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New protocol for concussion treatment in high school athletics

Athletes must be symptom free for 24 hours before they can resume activity

Bethlehem’s Katie Nickels, left, heads the ball during the first day of girls soccer practice Monday. Nickels suffered a concussion last season.

Bethlehem’s Katie Nickels, left, heads the ball during the first day of girls soccer practice Monday. Nickels suffered a concussion last season. Photo by Rob Jonas.

Dangerous hits in professional football and hockey brought attention to the effects of concussions on athletes.

Now, New York has a protocol for high school coaches to follow when one of their student-athletes suffers a concussion.

Starting with the fall sports season, the New York State Concussion Management and Awareness Act establishes procedures schools must follow. Athletes who suffer a concussion must receive immediate medical care and must be symptom free for 24 hours before they can resume light workouts. If at any time an athlete suffers any concussion symptoms (i.e. headache, blurry vision), they must cease athletic activity until they have been symptom free again for 24 hours.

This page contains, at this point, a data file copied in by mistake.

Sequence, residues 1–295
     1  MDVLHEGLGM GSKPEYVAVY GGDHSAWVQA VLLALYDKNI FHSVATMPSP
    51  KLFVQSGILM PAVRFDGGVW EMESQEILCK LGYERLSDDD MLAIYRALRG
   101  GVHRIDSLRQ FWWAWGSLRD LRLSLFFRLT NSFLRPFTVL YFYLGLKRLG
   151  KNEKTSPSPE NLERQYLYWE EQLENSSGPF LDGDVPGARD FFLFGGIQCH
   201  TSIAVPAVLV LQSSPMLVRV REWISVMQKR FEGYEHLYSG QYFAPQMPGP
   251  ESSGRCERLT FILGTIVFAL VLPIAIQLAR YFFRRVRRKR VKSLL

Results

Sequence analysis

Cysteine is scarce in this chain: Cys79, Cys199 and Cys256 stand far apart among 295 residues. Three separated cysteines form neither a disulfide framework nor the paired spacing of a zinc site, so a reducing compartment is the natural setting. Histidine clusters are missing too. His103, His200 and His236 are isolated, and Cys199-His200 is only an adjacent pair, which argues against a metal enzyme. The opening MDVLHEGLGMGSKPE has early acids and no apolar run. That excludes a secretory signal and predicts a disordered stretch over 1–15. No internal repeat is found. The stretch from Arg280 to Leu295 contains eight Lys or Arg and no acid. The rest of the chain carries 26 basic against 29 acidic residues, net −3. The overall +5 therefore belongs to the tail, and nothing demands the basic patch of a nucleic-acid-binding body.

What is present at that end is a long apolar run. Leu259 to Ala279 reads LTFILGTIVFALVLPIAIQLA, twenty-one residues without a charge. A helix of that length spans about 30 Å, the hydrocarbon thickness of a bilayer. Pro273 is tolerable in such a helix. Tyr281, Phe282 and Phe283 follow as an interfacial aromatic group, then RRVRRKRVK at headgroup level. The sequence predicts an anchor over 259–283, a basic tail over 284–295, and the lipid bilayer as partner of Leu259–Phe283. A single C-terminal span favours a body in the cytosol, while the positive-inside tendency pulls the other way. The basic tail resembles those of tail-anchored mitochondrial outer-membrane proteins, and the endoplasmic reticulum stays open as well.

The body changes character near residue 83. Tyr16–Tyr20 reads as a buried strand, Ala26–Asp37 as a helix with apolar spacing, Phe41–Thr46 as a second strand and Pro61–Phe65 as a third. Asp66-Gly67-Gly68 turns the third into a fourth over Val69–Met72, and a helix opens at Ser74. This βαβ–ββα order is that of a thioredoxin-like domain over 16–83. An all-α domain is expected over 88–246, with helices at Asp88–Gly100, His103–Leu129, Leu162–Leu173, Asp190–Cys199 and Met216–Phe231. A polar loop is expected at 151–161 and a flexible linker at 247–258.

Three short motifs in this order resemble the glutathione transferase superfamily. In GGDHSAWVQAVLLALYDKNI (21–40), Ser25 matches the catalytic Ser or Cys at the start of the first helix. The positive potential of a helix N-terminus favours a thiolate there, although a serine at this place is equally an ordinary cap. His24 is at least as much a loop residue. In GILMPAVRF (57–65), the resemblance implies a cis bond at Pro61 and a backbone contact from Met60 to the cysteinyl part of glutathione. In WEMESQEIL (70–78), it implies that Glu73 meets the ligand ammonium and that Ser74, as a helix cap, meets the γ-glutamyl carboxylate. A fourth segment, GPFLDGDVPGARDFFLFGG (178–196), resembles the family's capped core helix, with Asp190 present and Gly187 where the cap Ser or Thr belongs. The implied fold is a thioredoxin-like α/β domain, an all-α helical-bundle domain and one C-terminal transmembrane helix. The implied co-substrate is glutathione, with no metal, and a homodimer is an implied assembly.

“The old days of ‘I got dinged’ or ‘I got my bell rung,’ those days are over,” said Section II Football Chairman Gary VanDerzee. “They’re now erring on the side of caution.”

“I think it’s going to cause coaches to really think twice before putting a kid back in the game,” said Bethlehem Boys Soccer Coach Phil Ridgway.

Concussions and their effects on brain function have come under greater national scrutiny in recent years with cases such as NHL star Sidney Crosby, who missed much of the 2010-11 and 2011-12 seasons while dealing with post-concussion syndrome, and former NFL player Dave Duerson, who committed suicide in 2011 after battling chronic headaches.

VanDerzee, who is also Ravena-Coeymans-Selkirk’s football coach, said the notion of concussions being a football or hockey problem is ignoring the bigger picture.

“Football is the (sport) that’s being singled out, but over the last five years we’ve had more kids in other sports get concussions than football at Ravena,” said VanDerzee.

At the high school level, there wasn’t a statewide effort in New York to deal with concussions in sports. It was left up to the coaches to determine if a player was fit to return to action after being hit in the head. That wasn’t an easy thing for a coach to determine.

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